I stared at the man for a moment, then looked back and forth between him and the now happily blazing fire. "No," I told him, with as much certainty as a three-year-old can muster. "I'm going to do Magic when I grow up."

The man looked amused and glanced over to where my mother was standing, watching the two of us. I looked at Mother, too, just in time to see her shrug and give the man a knowing smile. He nodded and looked back at me.

"Well, I tell you what, young lady," he said, his voice containing a chuckle once more. "If you do, you're going to be just about the most special Plain girl who's ever been born."

I distinctly remember blinking at him when he finished talking, then crossing my arms in front of me before saying, "Well, I'm gonna."

The man laughed briefly, and his eyes again twinkled like little stars set onto his face. "You know," he said, that chuckle still in his voice, "I don't doubt that you will." Then he turned, waved at my mother, and quickly left. Mother looked after him for a moment then came over and squatted down in front of me.

"So you want to learn how to do Magic," she said.

"I don't just want to," I corrected her. "I'm going to."

"I see," she said, looking very serious as she watched me. "You do know that Plain folk like us aren't supposed to do Magic? Magic is supposed to be Wizard's work."

"I don't care," I told her firmly. I think I stomped my foot, but otherwise held my ground.

Mother was silent for a moment before reaching out to ruffle my hair. "Well, just so you know, I think you're already the most special Plain girl who's ever been born." 

I wasn't sure what to make of that so I just hugged her and headed outside to play for a while.

From that day forward, though, Magic became more and more the center of my universe. For example, when I was five, Father told me how Wizards put the Magic Festival Lights in the sky; I told him that when I had learned Magic I would help put them up there. Like all kids I managed to scrape knees and elbows as I grew up, even though I never seemed to get sick; the way Wizards healed those hurts made my fingers twitch with ambition. Day in and day out I made it known to everyone I met that I would some day do Magic. Be a Wizard.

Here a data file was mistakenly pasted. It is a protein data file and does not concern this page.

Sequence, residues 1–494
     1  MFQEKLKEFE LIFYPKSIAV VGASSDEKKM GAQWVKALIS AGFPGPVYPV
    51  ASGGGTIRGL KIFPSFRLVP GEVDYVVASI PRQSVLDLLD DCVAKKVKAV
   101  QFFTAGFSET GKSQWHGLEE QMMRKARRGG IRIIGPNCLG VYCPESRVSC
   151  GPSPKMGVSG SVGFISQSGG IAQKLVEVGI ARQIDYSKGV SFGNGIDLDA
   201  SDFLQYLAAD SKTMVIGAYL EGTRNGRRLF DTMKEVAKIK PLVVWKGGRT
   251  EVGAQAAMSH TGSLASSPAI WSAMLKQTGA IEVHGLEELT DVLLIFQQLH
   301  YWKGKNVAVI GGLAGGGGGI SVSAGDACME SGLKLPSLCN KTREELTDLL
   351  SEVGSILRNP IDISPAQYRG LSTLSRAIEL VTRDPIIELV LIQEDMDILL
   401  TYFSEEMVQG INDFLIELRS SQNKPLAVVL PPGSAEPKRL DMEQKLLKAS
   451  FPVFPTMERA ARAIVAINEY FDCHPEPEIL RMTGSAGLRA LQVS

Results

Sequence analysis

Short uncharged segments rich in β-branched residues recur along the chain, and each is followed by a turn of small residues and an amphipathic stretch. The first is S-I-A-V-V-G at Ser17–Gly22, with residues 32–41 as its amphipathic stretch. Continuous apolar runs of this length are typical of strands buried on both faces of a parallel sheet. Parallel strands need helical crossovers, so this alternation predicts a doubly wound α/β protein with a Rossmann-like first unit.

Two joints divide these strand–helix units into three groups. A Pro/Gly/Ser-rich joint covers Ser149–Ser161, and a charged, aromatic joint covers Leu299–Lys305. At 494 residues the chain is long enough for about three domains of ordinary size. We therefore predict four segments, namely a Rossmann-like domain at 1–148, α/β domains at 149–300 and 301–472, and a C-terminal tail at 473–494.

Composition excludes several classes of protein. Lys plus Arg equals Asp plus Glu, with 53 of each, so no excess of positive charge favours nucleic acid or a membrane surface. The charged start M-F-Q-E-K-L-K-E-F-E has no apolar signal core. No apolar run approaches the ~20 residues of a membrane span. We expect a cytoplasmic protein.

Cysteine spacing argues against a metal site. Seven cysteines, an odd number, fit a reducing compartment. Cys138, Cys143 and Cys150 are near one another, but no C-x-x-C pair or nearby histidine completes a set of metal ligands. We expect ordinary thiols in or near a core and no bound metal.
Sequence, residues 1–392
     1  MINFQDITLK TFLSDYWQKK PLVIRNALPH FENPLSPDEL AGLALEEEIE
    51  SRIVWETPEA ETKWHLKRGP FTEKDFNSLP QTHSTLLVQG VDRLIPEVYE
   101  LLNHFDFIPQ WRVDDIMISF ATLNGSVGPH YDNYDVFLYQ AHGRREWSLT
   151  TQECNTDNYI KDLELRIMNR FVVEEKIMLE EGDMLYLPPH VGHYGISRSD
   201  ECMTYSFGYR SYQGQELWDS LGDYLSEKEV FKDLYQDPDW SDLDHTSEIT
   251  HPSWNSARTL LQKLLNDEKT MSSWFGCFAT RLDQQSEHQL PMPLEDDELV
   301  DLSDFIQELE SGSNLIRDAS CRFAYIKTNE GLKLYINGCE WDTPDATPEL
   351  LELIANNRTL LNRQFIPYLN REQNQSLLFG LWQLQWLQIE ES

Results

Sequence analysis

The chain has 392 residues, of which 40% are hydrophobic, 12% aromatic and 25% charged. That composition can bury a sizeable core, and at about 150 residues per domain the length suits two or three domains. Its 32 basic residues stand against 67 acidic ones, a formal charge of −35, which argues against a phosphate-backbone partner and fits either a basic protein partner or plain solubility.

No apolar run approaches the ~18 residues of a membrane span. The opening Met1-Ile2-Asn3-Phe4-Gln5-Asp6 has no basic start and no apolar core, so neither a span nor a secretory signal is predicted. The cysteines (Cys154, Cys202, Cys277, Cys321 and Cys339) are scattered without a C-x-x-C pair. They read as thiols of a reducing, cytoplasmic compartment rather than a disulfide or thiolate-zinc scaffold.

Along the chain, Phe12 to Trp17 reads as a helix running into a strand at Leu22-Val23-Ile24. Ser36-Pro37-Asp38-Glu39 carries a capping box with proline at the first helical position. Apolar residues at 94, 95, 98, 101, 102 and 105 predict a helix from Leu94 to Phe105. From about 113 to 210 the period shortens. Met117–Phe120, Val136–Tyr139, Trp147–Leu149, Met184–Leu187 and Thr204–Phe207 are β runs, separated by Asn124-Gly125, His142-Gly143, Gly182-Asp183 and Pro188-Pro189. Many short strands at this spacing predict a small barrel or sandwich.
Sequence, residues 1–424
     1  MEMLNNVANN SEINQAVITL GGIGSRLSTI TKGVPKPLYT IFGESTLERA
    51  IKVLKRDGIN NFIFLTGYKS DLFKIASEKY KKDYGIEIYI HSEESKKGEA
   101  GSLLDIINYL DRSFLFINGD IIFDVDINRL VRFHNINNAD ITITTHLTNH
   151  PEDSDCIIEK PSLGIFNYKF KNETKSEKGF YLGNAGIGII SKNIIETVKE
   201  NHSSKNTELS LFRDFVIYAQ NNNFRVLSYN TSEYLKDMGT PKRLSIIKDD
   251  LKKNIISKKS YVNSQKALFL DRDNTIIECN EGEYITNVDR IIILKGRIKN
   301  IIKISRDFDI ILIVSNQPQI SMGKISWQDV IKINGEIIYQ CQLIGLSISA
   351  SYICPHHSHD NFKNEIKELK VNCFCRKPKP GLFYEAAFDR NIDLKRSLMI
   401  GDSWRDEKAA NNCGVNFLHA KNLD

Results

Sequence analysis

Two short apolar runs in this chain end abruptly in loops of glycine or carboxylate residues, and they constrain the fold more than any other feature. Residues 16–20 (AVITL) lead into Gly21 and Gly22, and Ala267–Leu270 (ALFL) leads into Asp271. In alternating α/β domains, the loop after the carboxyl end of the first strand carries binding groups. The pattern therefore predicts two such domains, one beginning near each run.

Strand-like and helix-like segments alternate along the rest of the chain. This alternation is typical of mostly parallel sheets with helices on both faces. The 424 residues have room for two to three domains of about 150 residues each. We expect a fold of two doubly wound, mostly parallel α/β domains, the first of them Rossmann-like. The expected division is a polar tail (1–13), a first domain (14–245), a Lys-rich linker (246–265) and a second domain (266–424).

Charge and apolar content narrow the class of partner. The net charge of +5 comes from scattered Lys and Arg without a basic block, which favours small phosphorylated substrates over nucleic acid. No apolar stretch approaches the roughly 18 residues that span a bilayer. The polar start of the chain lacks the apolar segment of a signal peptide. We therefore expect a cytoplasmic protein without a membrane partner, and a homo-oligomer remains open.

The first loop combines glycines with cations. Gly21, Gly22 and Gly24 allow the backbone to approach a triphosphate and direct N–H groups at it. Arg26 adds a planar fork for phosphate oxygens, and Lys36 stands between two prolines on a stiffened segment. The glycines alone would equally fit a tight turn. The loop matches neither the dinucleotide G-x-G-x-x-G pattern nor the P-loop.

All right, I admit it: I became a chatterbox when it came to Magic.

At first people laughed it off. I was still only a child, after all, and children love to make-believe. Over time, though, the laughter became more forced. Eventually I began to overhear scathing demands to my parents that they teach their child her place in the World. Mother and Father always smiled politely at those who scolded them, but they never scolded me, never told me to keep quiet.

It all seemed quite normal to me, then; now I know that letting me keep my dream must have caused them pain, maybe even cost them stature in the community. In hindsight, it might have been better had they prepared me for what would come all too soon: By the time I was eight, the comments were no longer about me, but to me.

I endured. I grew up. Eventually I turned twelve and came of age. By that point I understood the reality that only girls and boys born into Wizard families could be Wizards--were allowed to even dream of being Wizards. Plain girls like me were not.

It hurt. A lot. Still, the message was clear. I began to keep my mouth shut and tried to be a proper Plain girl.

But I never forgot the dream.


The reality of being an adult meant that I was now old enough to take on important duties. On the day I turned twelve, my parents announce that maintenance of the hearth would be my primary chore--probably because I'd fussed about the hearth having to be re-lit so often once I'd learned about Magic. I was delighted. I could finally prove myself, with or without Magic!

Then I discovered just how difficult it is to maintain the fire day in and day out. I slaved over the logs and ashes. I lived my life covered in dust and soot. I lost sleep from late nights staying up to bank the fire, followed by early morning risings to tend it.

Despite it all I persevered. After six months my record was perfect: Not once had the flames gone out. Not once had we needed to summon a Wizard.

I became inordinately pleased with myself, even a little cocky. It was hard work, but I was good at it. I knew that the Hearth was mine to control.  

Just as I knew, in the growing darkness of that First of Winter evening, that I had made a terrible mistake.

When I heard my mother call out to me I was nearly as filled with fear as I was covered with ash from frantically working on our sputtering fire. 

"Astra! Time to go! We're already late for the festival. And for Amedia's sake, brush your hair before we leave!"